Turn Down the Heat

First, as we all should know, climate change is real. Now that does not mean that the temperature will always be warmer, it just means more extreme. So in winter we could have more severe cold temperatures and in hurricane season more powerful storms. But it does mean that in the summer we could have more frequent and hotter heat waves.

Enter the United States, or more specifically the North American continent. In this article from the BBC we see photographs of the way the current heatwave is playing out across the continent. But it opens up with a nice map. Well, nice as in nicely done, not as in this is actually nice weather.

Yeah, no thanks.

The only complaint most of my American readers might have is that the numbers make no sense. That’s because it’s all in Celsius. Unfortunately for Americans most of the rest of the world uses Celsius and not Fahrenheit. Suffice it to say you don’t want to be in the dark reds. 44C equals 111F. 10C, the greenish-yellow side of the spectrum, is a quite pleasant 50F.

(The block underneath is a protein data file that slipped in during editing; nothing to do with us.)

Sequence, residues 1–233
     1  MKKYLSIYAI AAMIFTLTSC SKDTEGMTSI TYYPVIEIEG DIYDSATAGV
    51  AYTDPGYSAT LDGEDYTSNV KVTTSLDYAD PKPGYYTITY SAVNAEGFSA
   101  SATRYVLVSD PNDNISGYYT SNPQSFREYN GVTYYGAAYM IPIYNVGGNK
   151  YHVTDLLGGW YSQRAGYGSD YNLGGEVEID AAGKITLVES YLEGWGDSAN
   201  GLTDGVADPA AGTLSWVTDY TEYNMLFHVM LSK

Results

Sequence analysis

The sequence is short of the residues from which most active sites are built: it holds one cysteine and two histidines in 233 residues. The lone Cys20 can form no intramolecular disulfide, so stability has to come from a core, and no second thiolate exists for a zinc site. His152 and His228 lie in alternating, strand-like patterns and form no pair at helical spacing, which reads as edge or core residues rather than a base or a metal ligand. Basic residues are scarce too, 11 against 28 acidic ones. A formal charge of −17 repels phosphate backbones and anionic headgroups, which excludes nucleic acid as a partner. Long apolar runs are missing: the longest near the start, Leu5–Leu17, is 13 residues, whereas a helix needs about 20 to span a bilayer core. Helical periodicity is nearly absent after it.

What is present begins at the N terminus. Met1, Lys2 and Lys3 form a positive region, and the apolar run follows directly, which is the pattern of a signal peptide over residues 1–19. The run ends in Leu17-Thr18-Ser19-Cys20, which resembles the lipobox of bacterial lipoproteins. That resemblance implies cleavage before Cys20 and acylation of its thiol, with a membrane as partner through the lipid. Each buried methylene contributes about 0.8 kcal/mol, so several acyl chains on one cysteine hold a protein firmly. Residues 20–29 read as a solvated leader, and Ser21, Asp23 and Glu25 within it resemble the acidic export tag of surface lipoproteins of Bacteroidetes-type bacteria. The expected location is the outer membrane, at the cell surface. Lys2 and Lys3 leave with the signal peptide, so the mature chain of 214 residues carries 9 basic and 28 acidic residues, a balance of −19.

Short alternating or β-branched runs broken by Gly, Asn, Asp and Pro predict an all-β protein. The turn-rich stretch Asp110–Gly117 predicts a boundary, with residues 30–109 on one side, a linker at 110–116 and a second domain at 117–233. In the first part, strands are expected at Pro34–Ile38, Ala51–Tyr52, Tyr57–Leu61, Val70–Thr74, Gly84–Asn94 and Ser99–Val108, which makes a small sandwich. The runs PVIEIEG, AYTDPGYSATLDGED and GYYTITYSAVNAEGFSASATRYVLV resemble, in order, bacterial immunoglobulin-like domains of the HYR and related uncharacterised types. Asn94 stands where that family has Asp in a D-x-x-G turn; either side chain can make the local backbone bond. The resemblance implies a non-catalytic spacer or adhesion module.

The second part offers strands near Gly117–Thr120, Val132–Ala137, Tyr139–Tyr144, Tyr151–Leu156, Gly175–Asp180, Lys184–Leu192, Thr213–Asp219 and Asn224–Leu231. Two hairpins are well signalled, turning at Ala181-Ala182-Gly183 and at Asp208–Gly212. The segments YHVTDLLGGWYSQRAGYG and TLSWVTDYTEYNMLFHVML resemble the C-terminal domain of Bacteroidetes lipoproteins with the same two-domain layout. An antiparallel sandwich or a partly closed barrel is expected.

And that can relate to a small housekeeping note. I’m back after a long weekend up in the Berkshires. I took a short holiday to go visit the area near that north–south band of yellow over the eastern portion of the United States. It was very cool and windy and overall a welcome respite from the heat that will be building back in here across the eastern United States later this week.

At least yesterday was the summer solstice. The days start getting shorter. And in about five weeks or so we will reach the daily average peak temperature here in Philadelphia. At that point the temperatures begin cooling towards their eventual mid-January nadir.

I can’t wait.

Credit for the piece goes to the BBC graphics department.

It’s Warming Up

As many of my readers know, I prefer my weather cooler and summer is probably my least favourite season—weather wise at least. Appropriately, my vaccination will be kicking in just in time for a small, early season heatwave. Felt like an appropriate time to share this piece from Brian Brettschenider.

It’s just an animated map showing where in the United States and Canada the daily average high temperature is 70ºF for each day of the year. Here’s where you can expect a daily high of 70ºF for the date of 20 May. Not Philadelphia.

I’m sure going to miss those reds.

Make sure to click through to watch the video on the Twitter.

Credit for the piece goes to Brian Brettschneider.